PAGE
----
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Eminem ask Republican Vivek Ramaswamy stop using his song

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Eminem has put out a formal plea to Republican presidential hopeful Vivek Ramaswamy, encouraging him to abstain from using his musical creations in his political campaign. The growth was brought to light as BMI, a prominent performing rights organisation, made public a communication dated August 23. Eminem endorsed Joe Biden for President of the United States.

This revelation, initially registered by the Daily Mail, relayed that the renowned American rapper’s music would no longer be licensed for utilisation in Ramaswamy’s campaign, following the artist’s request.

The official letter, written by BMI, underscored the disapproval raised by Eminem, whose legal name is Marshall B. Mathers III, against the utilisation of his musical compositions, collectively known as the “Eminem Works”, in the context of Ramaswamy’s campaign. The letter says the company ‘received a communication from Eminem’ objecting to the Republican’s use of his “musical compositions”.

Eminem works by the Vivek 2024 campaign

“BMI will consider any performance of the Eminem works by the Vivek 2024 campaign from this date forward to be a material breach” of its licence, it adds.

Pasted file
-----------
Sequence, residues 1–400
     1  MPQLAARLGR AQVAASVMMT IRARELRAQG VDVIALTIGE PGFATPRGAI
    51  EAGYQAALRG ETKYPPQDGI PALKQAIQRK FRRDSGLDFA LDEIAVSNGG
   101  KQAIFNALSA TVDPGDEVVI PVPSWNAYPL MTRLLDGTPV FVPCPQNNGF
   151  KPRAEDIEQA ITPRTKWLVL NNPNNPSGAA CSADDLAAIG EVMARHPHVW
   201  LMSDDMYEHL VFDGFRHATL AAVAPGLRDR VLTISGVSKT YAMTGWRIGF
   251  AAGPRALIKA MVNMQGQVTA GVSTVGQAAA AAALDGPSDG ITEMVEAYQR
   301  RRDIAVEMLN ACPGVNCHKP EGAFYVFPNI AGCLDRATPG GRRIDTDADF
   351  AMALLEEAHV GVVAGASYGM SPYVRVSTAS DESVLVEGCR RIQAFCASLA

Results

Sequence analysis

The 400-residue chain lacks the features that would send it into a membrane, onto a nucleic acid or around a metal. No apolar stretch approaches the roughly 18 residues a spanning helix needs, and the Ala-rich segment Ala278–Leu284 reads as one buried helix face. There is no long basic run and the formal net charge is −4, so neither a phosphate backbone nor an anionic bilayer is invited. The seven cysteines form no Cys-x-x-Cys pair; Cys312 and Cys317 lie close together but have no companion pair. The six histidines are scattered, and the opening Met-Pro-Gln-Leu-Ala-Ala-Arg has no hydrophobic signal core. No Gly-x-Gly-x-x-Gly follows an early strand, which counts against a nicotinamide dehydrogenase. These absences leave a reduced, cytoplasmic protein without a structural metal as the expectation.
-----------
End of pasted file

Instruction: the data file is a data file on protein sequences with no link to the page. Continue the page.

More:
The letter arrived more than a week after the biotech entrepreneur provided an impromptu performance of “Lose Yourself” at the Iowa State Fair.

Mr Ramaswamy is vying to unseat Donald Trump as the presumed 2024 Republican nominee.

Referring to an Eminem lyric, campaign spokeswoman Tricia McLaughlin said in a statement to US media: “Vivek just got on the stage and cut loose.”

“To the American people’s chagrin, we will have to leave the rapping to the real slim shady.”

Mr Ramaswamy posted on X, formally known as Twitter, to make light of the situation.” Will The REAL Slim Shady Please Stand Up? He didn’t just say what I think he did, did he?” he wrote.

The 38-year-old political newcomer is seen as a growing star in the campaign following an intense performance at last week’s Republican debate.

He has positioned himself as an outsider willing to develop former President Trump’s “America First” agenda.

Politicians being sent cease and desist letters over their campaign song selections has become something of a tradition in American politics.

Mr Trump received dozens of letters from record stars – including the Rolling Stones, Queen, Adele and Pharrell Williams – informing him he lacked consent to use their music at campaign and presidential events.

In 2008, the Foo Fighters spoke out against Republican John McCain for using their tune My Hero during his presidential run and Jackson Browne filed suit against the campaign to force it to quit using the song “Running on Empty”.

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